Subscribe for ad free access & additional features for teachers. Authors: 267, Books: 3,607, Poems & Short Stories: 4,435, Forum Members: 71,154, Forum Posts: 1,238,602, Quizzes: 344

Aphorisms 181-210


clxxxi The Truth, but not the whole Truth.


Nothing demands more caution than the truth: ’tis the lancet of the heart. It requires as much to tell the truth as to conceal it. A single lie destroys a whole reputation for integrity. The deceit is regarded as treason and the deceiver as a traitor, which is worse. Yet not all truths can be spoken: some for our own sake, others for the sake of others.


clxxxii A Grain of Boldness in Everything.


’Tis an important piece of prudence. You must moderate your opinion of others so that you may not think so high of them as to fear them. The imagination should never yield to the heart. Many appear great till you know them personally, and then dealing with them does more to disillusionise than to raise esteem. No one o’ersteps the narrow bounds of humanity: all have their weaknesses either in heart or head. Dignity gives apparent authority, which is rarely accompanied by personal power: for Fortune often redresses the height of office by the inferiority of the holder. The imagination always jumps too soon, and paints things in brighter colours than the real: it thinks things not as they are but as it wishes them to be. Attentive experience disillusionised in the past soon corrects all that. Yet if wisdom should not be timorous, neither should folly be rash. And if self-reliance helps the ignorant, how much more the brave and wise?


clxxxiii Do not hold your Views too firmly.


Every fool is fully convinced, and every one fully persuaded is a fool: the more erroneous his judgment the more firmly he holds it. Even in cases of obvious certainty, it is fine to yield: our reasons for holding the view cannot escape notice, our courtesy in yielding must be the more recognised. Our obstinacy loses more than our victory yields: that is not to champion truth but rather rudeness. There be some heads of iron most difficult to turn: add caprice to obstinacy and the sum is a wearisome fool. Steadfastness should be for the will, not for the mind. Yet there are exceptions where one would fail twice, owning oneself wrong both in judgment and in the execution of it.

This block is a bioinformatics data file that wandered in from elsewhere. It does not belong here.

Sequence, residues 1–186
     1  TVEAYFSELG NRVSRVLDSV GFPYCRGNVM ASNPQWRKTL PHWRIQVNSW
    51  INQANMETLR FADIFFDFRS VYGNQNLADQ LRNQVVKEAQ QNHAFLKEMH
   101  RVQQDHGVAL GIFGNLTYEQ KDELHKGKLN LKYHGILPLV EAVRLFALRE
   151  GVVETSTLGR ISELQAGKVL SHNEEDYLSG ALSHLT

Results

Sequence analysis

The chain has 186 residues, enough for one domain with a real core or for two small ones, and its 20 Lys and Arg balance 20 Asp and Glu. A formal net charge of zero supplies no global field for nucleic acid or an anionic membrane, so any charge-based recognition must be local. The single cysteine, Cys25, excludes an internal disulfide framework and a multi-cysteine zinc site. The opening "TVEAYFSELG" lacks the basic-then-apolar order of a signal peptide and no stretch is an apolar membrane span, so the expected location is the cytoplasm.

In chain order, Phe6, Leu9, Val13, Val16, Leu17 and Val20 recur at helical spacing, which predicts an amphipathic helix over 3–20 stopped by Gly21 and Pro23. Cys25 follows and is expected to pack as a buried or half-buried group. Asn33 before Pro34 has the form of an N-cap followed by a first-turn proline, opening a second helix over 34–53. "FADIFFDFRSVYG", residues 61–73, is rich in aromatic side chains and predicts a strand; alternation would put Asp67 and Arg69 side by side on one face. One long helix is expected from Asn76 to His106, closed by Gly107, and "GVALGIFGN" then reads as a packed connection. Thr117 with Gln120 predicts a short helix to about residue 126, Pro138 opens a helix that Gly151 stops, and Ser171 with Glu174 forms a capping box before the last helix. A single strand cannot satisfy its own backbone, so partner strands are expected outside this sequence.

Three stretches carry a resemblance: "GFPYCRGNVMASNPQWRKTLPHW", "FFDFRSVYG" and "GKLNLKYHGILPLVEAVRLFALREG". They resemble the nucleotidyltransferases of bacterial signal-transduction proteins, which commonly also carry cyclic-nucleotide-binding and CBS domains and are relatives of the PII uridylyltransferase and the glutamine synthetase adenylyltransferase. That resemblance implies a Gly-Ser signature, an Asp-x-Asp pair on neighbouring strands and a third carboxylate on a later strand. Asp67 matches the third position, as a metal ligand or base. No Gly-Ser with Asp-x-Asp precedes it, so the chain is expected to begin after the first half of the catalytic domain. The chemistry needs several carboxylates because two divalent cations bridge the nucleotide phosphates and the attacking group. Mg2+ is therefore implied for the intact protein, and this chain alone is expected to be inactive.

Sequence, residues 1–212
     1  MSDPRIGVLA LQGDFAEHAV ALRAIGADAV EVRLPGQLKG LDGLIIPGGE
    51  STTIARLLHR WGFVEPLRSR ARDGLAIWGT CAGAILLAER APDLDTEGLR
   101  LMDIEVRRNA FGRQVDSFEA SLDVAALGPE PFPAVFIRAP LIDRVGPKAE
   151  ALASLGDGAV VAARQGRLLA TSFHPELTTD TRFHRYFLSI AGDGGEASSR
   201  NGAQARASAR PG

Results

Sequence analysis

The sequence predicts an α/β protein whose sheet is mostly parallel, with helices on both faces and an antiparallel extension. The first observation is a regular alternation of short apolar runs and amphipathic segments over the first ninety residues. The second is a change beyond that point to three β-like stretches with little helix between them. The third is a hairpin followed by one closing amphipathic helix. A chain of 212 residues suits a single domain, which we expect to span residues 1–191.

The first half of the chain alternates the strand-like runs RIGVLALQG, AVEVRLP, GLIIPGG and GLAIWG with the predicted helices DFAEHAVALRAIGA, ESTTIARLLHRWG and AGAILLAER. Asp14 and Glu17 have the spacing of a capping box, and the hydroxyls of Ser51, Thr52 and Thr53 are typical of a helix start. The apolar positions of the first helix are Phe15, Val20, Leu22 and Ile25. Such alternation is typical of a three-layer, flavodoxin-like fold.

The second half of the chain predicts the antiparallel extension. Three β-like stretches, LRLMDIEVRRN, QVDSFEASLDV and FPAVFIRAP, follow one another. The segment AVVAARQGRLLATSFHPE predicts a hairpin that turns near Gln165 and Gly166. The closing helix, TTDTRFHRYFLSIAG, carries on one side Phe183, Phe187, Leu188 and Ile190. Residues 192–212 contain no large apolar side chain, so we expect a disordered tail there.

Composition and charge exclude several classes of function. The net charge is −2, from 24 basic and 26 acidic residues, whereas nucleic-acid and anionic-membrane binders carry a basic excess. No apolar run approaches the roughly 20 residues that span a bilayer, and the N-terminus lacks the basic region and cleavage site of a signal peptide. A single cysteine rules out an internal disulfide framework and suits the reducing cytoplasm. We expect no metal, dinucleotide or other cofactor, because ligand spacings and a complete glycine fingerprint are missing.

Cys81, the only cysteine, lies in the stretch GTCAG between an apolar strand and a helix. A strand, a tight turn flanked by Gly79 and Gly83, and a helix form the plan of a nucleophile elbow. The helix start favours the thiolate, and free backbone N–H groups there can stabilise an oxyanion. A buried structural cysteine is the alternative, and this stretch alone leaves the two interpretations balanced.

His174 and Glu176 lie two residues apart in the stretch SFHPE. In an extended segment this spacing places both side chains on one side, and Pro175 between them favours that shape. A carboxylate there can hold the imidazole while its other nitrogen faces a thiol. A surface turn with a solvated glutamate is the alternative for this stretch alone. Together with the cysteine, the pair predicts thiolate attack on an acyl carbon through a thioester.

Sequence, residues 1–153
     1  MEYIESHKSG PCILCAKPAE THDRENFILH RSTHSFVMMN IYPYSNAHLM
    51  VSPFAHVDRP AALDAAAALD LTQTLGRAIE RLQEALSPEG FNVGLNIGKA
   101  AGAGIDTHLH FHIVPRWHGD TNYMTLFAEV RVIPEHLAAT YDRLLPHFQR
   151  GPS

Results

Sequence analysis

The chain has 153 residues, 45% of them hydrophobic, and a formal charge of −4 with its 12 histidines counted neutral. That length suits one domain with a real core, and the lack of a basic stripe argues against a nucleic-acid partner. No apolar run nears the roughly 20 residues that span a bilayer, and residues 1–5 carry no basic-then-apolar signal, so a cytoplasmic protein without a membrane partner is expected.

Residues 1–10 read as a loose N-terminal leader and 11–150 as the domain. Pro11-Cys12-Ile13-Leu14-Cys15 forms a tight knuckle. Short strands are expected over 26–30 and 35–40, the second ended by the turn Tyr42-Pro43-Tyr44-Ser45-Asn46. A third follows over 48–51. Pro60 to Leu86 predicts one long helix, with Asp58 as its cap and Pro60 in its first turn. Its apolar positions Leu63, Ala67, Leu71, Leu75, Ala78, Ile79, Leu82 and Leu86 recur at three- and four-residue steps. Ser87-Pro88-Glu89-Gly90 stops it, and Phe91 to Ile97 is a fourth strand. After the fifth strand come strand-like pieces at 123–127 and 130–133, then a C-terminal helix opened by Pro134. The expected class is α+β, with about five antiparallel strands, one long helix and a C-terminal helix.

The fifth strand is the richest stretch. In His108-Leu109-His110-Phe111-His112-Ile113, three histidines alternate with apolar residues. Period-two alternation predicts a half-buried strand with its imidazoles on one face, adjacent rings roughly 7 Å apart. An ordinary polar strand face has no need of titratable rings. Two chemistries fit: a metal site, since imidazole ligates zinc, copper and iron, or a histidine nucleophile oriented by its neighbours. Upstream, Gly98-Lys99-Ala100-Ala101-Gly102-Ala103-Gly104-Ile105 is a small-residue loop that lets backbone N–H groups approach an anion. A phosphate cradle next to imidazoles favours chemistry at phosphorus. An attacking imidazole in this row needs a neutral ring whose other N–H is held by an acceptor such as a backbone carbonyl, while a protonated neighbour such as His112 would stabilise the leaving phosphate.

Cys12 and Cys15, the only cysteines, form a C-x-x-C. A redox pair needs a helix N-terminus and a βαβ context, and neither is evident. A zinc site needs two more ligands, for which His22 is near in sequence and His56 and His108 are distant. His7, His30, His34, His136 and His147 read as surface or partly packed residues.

clxxxiv Do not be Ceremonious.


Even in a king affectation in this was renowned for its eccentricity. To be punctilious is to be a bore, yet whole nations have this peculiarity. The garb of folly is woven out of such things. Such folk are worshippersof their own dignity, yet show how little it is justified since they fear that the least thing can destroy it. It is right to demand respect, but not to be considered a master of ceremonies. Yet it is true that a man to do without ceremonies must possess supreme qualities. Neither affect nor despise etiquette: he cannot be great who is great at such little things.


clxxxv Never stake your Credit on a single Cast;


for if it miscarries the damage is irreparable. It may easy happen that a man should fail once, especially at first: circumstances are not always favourable: hence they say, "Every dog has his day." Always connect your second attempt with your first: whether it succeed or fail, the first will redeem the second. Always have resort to better means and appeal to more resources. Things depend on all sorts of chances. That is why the satisfaction of success is so rare.


clxxxvi Recognise Faults, however high placed.


Integrity cannot mistake vice even when clothed in brocade or perchance crowned with gold, but will not be able to hide its characterfor all that. Slavery does not lose its vileness, however it vaunt the nobility of its lord and master. Vices may stand in high place, but are low for all that. Men can see that many a great man has great faults, yet they do not see that he is not great because of them. The example of the great is so specious that it even glosses over viciousness, till it may so affect those who flatter it that they do not notice that what they gloss over in the great they abominate in the lower classes.